cognitive ability

Brain imaging shows enhanced executive brain function in people with musical training

Boston Children's Hospital brain image

This image shows functional MRI imaging during mental task switching: Panels A and B shows brain activation in musically trained and untrained children, respectively. Panel C shows brain areas that are more active in musically trained than musically untrained children. Credit: Laboratories of Cognitive Neuroscience, Boston Children’s Hospital

 

Another study has revealed a biological link between early music training and improved executive functioning in children and adults. The controlled study by researchers from the Laboratories of Cognitive Neuroscience at Boston Children’s Hospital used functional MRI brain imaging to show the connection. Executive functions are the high-level cognitive processes that enable people to quickly process and retain information, regulate their behaviours, make good choices, solve problems, plan and adjust to changing mental demands.

SOURCES:

Science Daily: http://www.sciencedaily.com/releases/2014/06/140617211020.htm

PLOS One: http://journals.plos.org/plosone/article?id=10.1371/journal.pone.0099868

DETAILS:

BENEFIT: COGNITIVE DEVELOPMENT, EXECUTIVE FUNCTIONING
TARGET GROUP: CHILDREN & ADULTS
AGE: 9-12 YEARS & 18-35 YEARS
MUSIC TYPE: GENERAL
TYPE OF STUDY: ACADEMIC RESEARCH
NOs INVOLVED: 57 (27 CHILDREN & 30 ADULTS)
PERIOD OF STUDY: Unknown
DATE: 2014
PLACE: USA

Music training develops neural mechanisms needed for focused attention

Auditory brain image

Diagram from the Auditory Neuroscience lab of Northwestern University

 

Attention is a critically important aspect of education. Learners are constantly bombarded by a barrage of sounds and distractions, even in a quiet classroom, and so being able to focus attention has a direct correlation with your ability to learn and to enhance your performance. A study by researchers led by Dr Nina Kraus of Northwestern University suggests that music training can help people’s auditory attention to mature during pivotal developmental years and is believed to provide the first direct evidence of a ‘biological index for enhanced selective auditory attention in young musicians’. The researchers say that is an important consideration for educators and educational policy-makers involved in curriculum design.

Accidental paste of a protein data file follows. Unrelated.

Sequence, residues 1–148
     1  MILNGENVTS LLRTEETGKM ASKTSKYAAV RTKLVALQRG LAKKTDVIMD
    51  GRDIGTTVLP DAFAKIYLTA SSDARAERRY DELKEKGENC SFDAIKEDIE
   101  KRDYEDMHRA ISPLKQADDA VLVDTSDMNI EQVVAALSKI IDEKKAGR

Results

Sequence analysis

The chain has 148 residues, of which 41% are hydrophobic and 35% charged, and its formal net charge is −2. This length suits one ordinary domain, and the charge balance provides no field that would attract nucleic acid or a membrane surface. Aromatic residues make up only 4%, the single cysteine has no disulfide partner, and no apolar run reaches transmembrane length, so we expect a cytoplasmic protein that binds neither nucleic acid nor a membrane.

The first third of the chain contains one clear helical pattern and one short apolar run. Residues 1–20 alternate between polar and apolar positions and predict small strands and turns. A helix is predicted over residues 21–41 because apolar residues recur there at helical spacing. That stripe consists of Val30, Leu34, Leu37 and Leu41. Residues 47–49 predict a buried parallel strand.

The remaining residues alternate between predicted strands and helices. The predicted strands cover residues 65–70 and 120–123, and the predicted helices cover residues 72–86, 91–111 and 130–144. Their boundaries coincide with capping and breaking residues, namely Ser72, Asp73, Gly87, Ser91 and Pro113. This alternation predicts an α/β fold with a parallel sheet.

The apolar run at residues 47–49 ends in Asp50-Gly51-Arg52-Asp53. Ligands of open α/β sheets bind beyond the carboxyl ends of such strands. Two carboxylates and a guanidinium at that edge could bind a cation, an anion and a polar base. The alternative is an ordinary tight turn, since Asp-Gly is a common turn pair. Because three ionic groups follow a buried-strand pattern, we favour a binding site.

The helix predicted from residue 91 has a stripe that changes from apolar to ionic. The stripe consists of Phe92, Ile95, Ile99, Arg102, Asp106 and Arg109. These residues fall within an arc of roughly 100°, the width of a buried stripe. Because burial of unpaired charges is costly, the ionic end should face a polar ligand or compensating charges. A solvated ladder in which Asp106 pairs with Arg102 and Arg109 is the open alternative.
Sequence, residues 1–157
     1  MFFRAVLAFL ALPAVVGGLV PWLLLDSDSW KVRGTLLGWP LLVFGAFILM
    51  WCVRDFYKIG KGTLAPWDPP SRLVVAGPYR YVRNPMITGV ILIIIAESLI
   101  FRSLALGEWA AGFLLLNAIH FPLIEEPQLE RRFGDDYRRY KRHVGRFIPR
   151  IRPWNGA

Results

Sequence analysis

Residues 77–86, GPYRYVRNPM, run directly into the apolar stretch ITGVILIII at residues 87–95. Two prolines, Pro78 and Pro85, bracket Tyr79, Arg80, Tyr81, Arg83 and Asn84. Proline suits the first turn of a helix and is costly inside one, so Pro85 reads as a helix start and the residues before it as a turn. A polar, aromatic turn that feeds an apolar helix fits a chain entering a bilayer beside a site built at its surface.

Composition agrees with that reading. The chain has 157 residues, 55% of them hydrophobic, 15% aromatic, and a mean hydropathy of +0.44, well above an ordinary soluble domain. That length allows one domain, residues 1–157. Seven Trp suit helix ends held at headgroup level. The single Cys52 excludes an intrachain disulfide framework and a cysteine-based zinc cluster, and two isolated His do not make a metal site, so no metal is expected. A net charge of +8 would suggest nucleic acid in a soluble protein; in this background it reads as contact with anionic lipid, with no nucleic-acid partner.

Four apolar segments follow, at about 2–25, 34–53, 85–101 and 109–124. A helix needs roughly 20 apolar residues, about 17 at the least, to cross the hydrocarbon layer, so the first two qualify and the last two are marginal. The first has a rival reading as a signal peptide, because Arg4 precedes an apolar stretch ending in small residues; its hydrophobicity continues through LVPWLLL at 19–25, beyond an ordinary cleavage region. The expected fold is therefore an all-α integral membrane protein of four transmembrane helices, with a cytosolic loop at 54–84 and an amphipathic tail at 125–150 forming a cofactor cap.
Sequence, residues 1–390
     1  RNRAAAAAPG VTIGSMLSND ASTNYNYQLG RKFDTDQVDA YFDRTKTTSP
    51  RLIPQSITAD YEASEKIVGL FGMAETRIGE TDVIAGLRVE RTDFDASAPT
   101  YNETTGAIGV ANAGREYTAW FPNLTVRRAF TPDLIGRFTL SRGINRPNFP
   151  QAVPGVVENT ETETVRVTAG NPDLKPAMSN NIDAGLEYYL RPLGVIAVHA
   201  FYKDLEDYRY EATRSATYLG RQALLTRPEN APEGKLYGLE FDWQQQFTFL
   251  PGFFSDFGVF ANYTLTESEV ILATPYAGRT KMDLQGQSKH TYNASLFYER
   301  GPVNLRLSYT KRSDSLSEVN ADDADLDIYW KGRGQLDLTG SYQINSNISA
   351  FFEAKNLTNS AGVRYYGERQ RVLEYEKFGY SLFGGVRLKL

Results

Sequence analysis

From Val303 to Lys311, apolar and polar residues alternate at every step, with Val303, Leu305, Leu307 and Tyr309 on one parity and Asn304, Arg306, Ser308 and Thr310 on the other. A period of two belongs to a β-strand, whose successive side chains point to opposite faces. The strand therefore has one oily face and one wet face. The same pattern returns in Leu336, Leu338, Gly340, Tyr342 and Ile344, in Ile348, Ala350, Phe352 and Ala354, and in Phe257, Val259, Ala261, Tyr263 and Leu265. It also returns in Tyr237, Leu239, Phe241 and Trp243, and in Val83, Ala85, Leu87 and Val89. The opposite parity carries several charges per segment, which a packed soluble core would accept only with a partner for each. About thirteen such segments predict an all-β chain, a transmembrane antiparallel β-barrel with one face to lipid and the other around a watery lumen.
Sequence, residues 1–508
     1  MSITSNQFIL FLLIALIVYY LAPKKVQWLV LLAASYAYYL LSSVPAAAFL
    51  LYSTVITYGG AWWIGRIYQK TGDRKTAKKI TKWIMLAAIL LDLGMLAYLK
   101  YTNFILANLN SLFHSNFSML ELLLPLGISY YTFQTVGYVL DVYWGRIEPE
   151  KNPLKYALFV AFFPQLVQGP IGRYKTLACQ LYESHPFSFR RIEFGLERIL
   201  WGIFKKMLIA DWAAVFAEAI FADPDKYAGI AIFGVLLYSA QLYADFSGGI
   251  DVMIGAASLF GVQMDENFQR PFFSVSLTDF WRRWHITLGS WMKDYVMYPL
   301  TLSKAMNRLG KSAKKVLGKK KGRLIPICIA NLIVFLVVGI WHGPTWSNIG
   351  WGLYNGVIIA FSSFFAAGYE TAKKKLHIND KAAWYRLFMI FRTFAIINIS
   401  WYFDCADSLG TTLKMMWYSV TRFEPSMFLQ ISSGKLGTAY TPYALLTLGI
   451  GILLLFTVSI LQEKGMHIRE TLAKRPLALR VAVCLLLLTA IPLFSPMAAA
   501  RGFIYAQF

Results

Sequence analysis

SOURCES:

Brainvolts (Northwestern University): http://www.brainvolts.northwestern.edu/documents/Strait_DCN_2015.pdf

DETAILS:

BENEFIT: COGNITIVE DEVELOPMENT, ATTENTION
TARGET GROUP: CHILDREN & ADULTS
AGE: 3-35 YEARS
MUSIC TYPE: GENERAL
TYPE OF STUDY: ACADEMIC RESEARCH
NOs INVOLVED: 78
PERIOD OF STUDY: Unknown
DATE: 2014, published Jan 2015
PLACE: USA

The scientific reasons we should teach music to kids in school

Music mic

Tom Barnes summarises the scientific reasons why schools in America should not cut music education, referencing studies into cognitive abilities, confidence, attendance levels and civic responsibility.

SOURCE:

Music.Mic: http://mic.com/articles/94992/the-scientific-reasons-we-should-teach-music-to-kids-in-school

What if … every child had access to music education

Another powerful presentation from academic Anita Collins, asking what the impact might be if a generation’s cognitive abilities are raised – and she gives evidence that it’s possible – through music education.